Lawmakers call on inspector general to investigate fishing regulations
Stonington — U.S. Sens. Richard Blumenthal and Chris Murphy, both D-Conn., along with U.S. Rep. Joe Courtney, D-Second District, on Tuesday called on the inspector general of the Department of Commerce to investigate what they call an inequity in regulations that puts New England fishermen at a disadvantage.
The letter follows another that they, along with other members of Congress from Connecticut and Massachusetts, sent last month to the Department of Commerce calling on changes in fisheries management to address inequities for New England fishermen.
“We write to raise a growing concern of our constituents in the fishing industry who are facing extreme economic hardship related to the structure of fisheries management across the Northeast and mid-Atlantic,” wrote Blumenthal, Murphy and Courtney.
“On several occasions during town halls and meetings in Connecticut with many of the fishermen who operate in the state, we have repeatedly heard concerns that black sea bass, summer flounder, and scup have migrated northward, but the state-by-state allocations for these species still reflect historical numbers when they were in greater abundance in the mid-Atlantic," the lawmakers wrote.
"These outdated allocations are disadvantaging fishermen in the Northeast,” they argue.
The regulations have resulted in a situation in which boats from New England and the mid-Atlantic states can be fishing in the same waters but the mid-Atlantic boats can land much more fish because their states receive larger quotas.
The situation often requires New England boats to throw back flounder they catch while fishing for other species.
Fishermen and lawmakers have pointed out that the quota for summer flounder, black sea bass and other regulated species are set by the Mid-Atlantic Fishery Management Council, even though the fish have migrated northward.
Although New England has a liaison to the mid-Atlantic council, it has no vote on that board.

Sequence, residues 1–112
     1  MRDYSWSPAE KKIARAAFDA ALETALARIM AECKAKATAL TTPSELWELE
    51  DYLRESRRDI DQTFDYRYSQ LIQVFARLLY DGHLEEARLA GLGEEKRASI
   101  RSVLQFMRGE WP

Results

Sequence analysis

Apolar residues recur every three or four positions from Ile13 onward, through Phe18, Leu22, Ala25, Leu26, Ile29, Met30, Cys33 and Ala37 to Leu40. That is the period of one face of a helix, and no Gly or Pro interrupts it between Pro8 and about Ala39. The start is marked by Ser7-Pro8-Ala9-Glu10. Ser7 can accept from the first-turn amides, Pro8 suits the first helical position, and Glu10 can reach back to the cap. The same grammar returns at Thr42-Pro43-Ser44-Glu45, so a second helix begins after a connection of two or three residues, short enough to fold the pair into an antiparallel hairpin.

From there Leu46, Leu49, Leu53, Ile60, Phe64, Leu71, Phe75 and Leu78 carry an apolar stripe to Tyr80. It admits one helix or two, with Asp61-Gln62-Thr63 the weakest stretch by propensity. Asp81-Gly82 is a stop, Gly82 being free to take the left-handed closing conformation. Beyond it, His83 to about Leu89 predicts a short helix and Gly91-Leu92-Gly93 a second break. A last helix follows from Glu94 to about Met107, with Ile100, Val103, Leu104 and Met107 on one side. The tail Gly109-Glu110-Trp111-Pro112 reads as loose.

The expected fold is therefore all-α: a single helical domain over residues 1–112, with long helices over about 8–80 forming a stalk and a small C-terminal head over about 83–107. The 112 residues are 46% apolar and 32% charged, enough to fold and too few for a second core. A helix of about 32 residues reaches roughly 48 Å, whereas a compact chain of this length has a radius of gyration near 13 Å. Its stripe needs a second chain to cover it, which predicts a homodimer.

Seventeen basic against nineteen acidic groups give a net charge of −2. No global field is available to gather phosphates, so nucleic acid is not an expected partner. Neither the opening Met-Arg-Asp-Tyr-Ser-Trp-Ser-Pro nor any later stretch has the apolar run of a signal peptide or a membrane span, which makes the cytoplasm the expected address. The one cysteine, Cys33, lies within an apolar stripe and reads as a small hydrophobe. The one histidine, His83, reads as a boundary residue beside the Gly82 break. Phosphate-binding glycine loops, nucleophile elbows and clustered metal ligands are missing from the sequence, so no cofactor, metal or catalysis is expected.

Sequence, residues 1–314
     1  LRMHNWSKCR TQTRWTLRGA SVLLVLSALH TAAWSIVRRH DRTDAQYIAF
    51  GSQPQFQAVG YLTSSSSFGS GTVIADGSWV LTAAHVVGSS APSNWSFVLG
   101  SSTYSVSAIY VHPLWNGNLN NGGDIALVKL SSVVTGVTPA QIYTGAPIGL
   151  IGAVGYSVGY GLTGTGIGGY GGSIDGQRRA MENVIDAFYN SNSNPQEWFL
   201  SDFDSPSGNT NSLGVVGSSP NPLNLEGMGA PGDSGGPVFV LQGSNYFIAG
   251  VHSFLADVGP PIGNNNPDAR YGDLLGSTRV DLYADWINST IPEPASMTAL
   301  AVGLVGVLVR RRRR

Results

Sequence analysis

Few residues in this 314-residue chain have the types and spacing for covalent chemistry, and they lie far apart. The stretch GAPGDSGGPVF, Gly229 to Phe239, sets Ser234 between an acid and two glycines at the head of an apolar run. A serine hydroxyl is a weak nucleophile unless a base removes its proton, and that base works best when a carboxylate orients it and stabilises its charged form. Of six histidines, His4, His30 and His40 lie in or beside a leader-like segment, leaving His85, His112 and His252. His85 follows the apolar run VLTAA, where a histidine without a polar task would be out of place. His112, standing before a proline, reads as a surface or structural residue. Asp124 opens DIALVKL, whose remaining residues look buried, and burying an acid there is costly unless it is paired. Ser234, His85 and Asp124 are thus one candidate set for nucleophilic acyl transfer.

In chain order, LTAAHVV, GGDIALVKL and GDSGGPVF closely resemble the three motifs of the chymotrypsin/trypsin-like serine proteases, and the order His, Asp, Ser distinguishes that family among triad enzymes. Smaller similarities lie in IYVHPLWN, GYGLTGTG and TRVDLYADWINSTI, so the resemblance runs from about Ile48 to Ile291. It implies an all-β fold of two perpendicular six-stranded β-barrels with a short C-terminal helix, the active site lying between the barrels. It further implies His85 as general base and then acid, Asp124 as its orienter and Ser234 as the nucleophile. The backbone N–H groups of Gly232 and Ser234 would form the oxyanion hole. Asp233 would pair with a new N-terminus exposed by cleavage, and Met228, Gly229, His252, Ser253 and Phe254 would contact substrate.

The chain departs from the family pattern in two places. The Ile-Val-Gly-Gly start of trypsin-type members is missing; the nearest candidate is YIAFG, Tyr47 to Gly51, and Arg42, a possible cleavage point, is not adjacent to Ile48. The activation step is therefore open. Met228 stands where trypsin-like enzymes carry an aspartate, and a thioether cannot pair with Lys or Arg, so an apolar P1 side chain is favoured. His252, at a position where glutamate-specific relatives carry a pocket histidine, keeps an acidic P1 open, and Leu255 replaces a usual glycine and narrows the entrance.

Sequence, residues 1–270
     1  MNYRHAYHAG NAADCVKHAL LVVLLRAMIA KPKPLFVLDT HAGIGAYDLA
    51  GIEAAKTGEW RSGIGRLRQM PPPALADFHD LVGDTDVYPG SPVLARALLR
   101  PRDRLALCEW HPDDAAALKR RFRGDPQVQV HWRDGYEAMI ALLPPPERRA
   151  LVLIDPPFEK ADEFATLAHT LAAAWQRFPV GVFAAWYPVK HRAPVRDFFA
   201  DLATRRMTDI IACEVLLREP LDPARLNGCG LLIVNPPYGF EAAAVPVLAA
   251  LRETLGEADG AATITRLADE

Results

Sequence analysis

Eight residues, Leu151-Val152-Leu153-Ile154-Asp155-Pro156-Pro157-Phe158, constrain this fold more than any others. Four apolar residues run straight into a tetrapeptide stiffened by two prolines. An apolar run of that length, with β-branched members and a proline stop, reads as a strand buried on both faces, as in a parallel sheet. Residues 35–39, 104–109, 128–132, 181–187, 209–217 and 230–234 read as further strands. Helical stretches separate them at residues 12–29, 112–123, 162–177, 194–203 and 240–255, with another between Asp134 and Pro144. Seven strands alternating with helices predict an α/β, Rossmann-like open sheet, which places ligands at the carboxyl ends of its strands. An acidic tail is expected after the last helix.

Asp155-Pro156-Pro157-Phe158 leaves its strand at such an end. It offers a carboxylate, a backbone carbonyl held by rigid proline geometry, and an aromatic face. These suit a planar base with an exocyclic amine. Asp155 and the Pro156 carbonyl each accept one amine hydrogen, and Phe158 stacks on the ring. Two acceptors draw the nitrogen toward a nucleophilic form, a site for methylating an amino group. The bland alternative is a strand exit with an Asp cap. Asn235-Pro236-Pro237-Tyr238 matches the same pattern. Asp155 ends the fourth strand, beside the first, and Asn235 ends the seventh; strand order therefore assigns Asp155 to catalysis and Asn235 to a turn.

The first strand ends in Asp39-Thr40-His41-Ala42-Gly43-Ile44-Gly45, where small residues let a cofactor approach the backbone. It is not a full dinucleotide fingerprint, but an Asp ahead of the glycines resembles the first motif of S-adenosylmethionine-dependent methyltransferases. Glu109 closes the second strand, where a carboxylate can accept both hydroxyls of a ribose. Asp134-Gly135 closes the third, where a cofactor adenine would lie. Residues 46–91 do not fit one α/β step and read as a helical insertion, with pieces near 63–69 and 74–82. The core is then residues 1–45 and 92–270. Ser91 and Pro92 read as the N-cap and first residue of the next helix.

In their letter to Inspector General David Smith, the lawmakers requested that his office “investigate how the current system impacts the region’s fishermen and whether the structure should be reformed to bring quota allocations in line with current data on actual fish population distribution."
"As species of fish move further north, the allocation levels should migrate with them,” the three lawmakers stressed.
They pointed out that in response to fishermen’s concerns, they have informed Commerce Secretary Penny Pritzker of their support for joint management of the species between the mid-Atlantic and New England fisheries management councils.
“These outdated allocations are disadvantaging fishermen in the Northeast. Limited landings undermine their livelihoods while fishermen from the mid-Atlantic with higher quotas end up fishing in New England waters to supplement the low catch in their home states,” they wrote to Smith.
“This dynamic has environmental as well as ecological consequences,” they said.
They also asked Smith to answer several questions such as whether the current allocation process meets standards set in the Magnuson-Stevens Act, which oversees fisheries in the United States.
They pointed out the act requires that rules be “based upon the best scientific information available,” that they “should not discriminate between residents of different states” and that plans “minimize bycatch or mortality from bycatch.”
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